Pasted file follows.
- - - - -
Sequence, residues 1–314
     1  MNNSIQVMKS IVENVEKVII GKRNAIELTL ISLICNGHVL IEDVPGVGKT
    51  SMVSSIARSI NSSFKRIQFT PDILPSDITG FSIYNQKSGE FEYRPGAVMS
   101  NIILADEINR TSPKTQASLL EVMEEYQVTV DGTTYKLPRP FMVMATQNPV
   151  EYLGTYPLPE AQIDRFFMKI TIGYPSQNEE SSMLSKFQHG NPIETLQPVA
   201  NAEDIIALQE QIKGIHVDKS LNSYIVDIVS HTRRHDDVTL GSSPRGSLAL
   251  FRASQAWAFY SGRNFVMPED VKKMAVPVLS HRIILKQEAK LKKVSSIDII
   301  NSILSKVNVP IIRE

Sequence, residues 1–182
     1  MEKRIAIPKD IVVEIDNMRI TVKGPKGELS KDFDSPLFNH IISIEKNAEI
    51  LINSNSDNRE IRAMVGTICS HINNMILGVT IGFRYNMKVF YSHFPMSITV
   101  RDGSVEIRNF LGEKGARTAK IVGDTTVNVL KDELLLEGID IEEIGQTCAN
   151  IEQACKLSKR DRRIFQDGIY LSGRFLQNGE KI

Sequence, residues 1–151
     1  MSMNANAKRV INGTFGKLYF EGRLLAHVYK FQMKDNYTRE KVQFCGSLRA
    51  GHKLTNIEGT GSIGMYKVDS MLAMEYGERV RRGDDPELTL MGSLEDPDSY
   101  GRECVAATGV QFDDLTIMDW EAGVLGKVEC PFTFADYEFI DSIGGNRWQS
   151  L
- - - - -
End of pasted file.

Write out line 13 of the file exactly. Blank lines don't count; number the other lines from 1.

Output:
   151  IEQACKLSKR DRRIFQDGIY LSGRFLQNGE KI